There’s been no sign yet that Beijing is prepared to collaborate with western donors as they engage with regional countries to mitigate these risks. Were they to do so it would signal China cares about the region’s sustainability — an important qualification for a genuine partner.

 

How effective is China in the region?

 

China can be surprisingly ineffective in prosecuting its regional strategic agenda.   It often struggles to understand that centralised control is not the Pacific way.

 

Effective partnerships in the region require patient management of multiple stakeholder relationships — with landowners, local authorities and environmentalists.

 

Chinese firms in PNG have been disappointed that agreements they have signed with the country’s prime minister haven’t guaranteed smooth project implementation. China also showed great frustration recently in Solomon Islands when provincial leaders thanked Taiwan for coronavirus-related aid delivered after the national government had switched diplomatic recognition from Taipei to Beijing.

 

Success also requires conscious support for national development aspirations and a willingness to lean in at difficult moments.

 

Australia and New Zealand don’t always escape criticism from the region: climate change and labour market access continue to be sore points. But over time, these traditional partners have shown their commitment to the region’s development through the investment of billions of dollars. They have helped run elections, repeatedly deliver disaster relief and mount stabilisation missions in regional hot spots.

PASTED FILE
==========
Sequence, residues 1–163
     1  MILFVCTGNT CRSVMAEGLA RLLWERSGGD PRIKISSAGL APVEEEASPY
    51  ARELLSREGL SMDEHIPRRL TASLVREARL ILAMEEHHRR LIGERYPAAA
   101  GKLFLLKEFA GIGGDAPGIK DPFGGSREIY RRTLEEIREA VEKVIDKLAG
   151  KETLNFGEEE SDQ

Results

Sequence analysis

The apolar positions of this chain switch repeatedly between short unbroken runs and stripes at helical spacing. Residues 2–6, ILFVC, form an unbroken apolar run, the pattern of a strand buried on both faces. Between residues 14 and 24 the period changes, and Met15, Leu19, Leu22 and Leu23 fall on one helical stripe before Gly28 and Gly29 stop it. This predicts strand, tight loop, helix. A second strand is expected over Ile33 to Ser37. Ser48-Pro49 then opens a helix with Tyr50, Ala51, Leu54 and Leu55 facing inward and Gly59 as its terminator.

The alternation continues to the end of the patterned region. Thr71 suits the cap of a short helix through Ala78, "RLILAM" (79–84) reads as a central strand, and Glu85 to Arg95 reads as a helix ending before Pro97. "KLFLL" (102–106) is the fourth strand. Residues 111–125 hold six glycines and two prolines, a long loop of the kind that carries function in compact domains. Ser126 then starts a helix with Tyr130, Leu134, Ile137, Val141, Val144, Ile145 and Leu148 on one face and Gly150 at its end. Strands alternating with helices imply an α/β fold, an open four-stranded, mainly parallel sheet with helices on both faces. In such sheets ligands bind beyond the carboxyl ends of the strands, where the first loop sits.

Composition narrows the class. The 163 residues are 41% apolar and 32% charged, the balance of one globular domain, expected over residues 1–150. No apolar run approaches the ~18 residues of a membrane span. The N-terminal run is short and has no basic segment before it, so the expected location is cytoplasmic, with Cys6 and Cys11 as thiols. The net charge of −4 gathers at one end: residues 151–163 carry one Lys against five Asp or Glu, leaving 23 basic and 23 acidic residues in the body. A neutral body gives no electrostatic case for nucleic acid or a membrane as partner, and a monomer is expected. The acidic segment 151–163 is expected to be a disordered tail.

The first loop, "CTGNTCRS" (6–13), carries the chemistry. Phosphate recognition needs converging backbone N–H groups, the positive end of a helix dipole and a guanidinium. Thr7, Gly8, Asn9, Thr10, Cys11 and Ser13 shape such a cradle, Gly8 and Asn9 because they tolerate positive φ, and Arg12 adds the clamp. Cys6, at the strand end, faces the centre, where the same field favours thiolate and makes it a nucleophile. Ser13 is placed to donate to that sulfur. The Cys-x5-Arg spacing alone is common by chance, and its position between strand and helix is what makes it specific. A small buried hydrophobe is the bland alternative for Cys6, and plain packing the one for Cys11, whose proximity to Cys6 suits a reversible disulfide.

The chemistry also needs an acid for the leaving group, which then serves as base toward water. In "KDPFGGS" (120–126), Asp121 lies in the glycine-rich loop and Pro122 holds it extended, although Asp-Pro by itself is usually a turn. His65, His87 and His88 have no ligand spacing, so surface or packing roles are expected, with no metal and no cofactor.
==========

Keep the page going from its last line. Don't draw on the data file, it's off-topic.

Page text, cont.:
This kind of comprehensive partnership, recently reaffirmed in a new economic and strategic development agreement signed between Australia and PNG, is outside Beijing’s traditional comfort zone.

 

COVID-19: missing an opportunity

 

The current pandemic poses very serious risks to the fragile economies of the Pacific. It’s an important moment for regional partners to show their commitment.

 

Beijing highlighted its Pacific Conference on COVID-19, a video link-up in May between the Chinese vice foreign minister and senior Pacific representatives, as a sign of its support for the region.

 

But there were no substantive outcomes, and despite multiple press releases, China appears to have announced only US$2.6 million in virus-related assistance.

 

This contribution by the world’s second-largest economy is about half what one Australian mid-sized company, Newcrest mining, has committed in COVID-19 support to PNG alone.  It pales in comparison to the US$75 million that Australia announced in March would be redirected from existing aid programs to mitigate the regional effects of the virus.

 

Western partners have also stepped up in other practical ways, for instance, by processing some coronavirus tests from the Pacific, and sending rapid diagnostic testing equipment to the region. Australia has deployed medical assistance teams to support PNG’s response to rising cases there.

 

And perhaps most notably, Australia announced recently it will deliver a future coronavirus vaccine to the people of the Pacific, once it’s approved.

 

It would be a great boon to the Pacific if Beijing were to become more thoughtful about the region’s aspirations and build an effective partnership with its western partners – and with the island countries themselves. China actually has some things to offer the Pacific, including lessons from its highly successful development model. The mindset described so well by Humphrey Hawksley in the last AP insight – one in which Chinese and western values coexist, and where the two sides work together – would be of far greater value to this fragile region than escalating strategic competition.

 

This been adapted by Ian Kemish from an article he published in the Australian edition of The Conversation on 31 August.

 

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 Ian Kemish